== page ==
Call by Former Secretaries of State for Robust Development and Diplomacy Funding

June 25, 2009 (Washington, DC) – This statement is delivered on behalf of the Modernizing Foreign Assistance Network (MFAN) by Co-Chairs David Beckmann and George Ingram:

Today, eight former Secretaries of State published a Politico column calling for Congress to provide more robust funding for development and diplomacy and bring these civilian instruments of U.S. foreign policy into better balance with national defense efforts.  Perhaps most importantly, the former Secretaries said, “Providing the personnel and financial resources to manage our diplomacy and development policies is an urgent matter of national security.”

MFAN strongly supports this call, particularly as it relates to strengthening the United States Agency for International Development (USAID), America’s premier development agency which works to alleviate poverty, fight disease, and, as the signatories of the column said, help “developing countries achieve rapid, sustained and broad-based economic growth.”  As they also said, “such efforts are critical to helping us weather the worldwide recession that grips us.”

We agree, and would go further. We believe that providing robust funding and resources for development is only part of the recipe for changing the way the U.S. engages with the world and addressing the urgent challenges we face.  We must also modernize the U.S. foreign assistance system – our primary mechanism for carrying out development – in order to make sure that any resources committed to these efforts are spent effectively and get into the hands of people who need help most.  This will be a big challenge, due to the fact that the foreign assistance system has more than 60 different government offices carrying out development programs.  The legislation governing the system has not been updated in two decades.  The Obama Administration and Congress can change this situation by passing a strong FY10 International Affairs Budget and taking these key steps towards modernization:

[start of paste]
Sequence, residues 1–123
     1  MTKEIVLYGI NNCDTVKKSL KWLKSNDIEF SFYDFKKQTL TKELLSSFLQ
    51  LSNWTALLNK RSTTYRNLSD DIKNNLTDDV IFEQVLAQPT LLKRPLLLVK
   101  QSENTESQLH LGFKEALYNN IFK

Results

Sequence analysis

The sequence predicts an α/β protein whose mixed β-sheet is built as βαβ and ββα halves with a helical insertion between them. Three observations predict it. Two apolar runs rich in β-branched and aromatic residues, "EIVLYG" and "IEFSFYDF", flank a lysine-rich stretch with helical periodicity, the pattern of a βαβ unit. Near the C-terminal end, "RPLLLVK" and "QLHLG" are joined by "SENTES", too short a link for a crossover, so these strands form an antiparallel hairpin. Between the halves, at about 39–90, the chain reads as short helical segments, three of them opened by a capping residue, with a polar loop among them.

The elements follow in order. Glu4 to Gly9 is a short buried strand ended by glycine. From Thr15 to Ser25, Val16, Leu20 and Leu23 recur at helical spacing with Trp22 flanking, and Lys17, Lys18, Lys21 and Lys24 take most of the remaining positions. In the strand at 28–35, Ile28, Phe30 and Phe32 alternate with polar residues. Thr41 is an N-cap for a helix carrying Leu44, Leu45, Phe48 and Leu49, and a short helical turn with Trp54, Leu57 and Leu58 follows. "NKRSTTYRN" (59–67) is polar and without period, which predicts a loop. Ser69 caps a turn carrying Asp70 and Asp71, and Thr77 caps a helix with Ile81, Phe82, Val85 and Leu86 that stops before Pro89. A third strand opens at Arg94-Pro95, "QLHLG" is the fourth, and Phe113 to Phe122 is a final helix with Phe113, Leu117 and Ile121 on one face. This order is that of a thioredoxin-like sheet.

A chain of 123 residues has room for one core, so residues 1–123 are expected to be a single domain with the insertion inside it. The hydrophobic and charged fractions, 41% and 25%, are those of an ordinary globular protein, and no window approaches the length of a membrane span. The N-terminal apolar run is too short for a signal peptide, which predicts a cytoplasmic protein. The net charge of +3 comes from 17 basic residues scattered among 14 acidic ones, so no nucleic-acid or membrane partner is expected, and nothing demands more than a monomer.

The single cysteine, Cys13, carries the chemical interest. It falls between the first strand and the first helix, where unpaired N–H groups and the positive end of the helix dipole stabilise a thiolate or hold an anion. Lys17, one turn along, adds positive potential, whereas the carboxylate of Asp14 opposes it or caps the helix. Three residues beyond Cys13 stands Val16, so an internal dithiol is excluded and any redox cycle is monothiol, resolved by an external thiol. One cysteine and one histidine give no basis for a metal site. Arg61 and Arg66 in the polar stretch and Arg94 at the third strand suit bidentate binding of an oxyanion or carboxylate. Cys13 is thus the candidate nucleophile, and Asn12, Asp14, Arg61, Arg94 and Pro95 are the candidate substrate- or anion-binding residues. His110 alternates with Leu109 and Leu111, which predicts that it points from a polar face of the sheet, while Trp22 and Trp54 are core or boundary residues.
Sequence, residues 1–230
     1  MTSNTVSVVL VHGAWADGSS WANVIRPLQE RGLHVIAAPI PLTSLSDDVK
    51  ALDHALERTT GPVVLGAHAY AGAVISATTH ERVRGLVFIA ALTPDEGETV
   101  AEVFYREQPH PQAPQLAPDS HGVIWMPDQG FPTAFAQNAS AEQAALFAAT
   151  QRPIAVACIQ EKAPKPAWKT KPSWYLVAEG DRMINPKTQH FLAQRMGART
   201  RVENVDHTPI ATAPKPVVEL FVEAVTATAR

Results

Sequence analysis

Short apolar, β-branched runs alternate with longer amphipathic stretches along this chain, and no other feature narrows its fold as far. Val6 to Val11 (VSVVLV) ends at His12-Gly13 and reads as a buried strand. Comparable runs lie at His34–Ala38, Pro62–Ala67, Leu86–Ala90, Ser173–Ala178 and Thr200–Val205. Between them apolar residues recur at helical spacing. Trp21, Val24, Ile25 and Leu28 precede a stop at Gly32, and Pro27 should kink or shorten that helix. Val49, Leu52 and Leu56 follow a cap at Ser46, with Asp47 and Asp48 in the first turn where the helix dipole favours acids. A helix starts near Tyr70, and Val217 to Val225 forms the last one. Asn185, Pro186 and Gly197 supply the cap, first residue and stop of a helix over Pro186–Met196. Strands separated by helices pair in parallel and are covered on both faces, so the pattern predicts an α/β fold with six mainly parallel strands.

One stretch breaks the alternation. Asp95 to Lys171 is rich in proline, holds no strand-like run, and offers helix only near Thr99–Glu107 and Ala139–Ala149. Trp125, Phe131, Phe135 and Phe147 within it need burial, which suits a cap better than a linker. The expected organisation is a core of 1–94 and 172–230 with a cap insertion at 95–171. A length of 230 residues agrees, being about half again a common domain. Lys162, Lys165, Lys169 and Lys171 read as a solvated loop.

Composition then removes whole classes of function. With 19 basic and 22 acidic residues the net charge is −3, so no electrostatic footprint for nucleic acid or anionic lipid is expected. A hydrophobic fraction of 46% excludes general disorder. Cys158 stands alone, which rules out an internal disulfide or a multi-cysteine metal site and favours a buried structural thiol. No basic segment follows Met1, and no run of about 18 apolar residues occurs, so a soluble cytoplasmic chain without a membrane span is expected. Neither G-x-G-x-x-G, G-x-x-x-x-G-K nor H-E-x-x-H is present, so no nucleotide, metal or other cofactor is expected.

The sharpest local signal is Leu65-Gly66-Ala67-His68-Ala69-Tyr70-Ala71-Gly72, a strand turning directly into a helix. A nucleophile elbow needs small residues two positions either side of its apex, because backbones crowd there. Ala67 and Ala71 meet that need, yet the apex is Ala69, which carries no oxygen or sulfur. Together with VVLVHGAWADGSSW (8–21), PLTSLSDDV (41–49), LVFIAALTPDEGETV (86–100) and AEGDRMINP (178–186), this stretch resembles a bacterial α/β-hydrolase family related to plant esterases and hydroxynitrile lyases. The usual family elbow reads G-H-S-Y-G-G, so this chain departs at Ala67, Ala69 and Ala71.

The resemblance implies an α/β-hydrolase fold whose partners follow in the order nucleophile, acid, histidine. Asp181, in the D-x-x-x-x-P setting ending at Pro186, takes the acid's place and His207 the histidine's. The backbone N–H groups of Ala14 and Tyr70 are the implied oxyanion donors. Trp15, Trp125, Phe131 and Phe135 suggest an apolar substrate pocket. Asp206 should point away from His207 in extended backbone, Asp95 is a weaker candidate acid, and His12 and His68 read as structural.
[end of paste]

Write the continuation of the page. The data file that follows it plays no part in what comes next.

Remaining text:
• Immediately naming an experienced and savvy USAID Administrator, and giving that person a   seat at the National Security Council so that he/she can bring a high-level development voice to critical foreign policy discussions;
  • Incorporating the Administrator into the process of developing America’s first-ever, government-wide National Strategy for Global Development, a move supported by House Committee on Foreign Affairs Chairman Howard Berman (D-CA), who introduced bipartisan legislation (H.R. 2139) on the topic (which now has 53 bipartisan co-sponsors);
  • Clarifying the Administrator’s role in relation to other agencies involved in U.S. foreign assistance, including the State Department, MCC, and PEPFAR; and,
  • Empowering the Administrator to rebuild the policy and budget planning capacity at USAID, as well as restore the technical development expertise at the agency.

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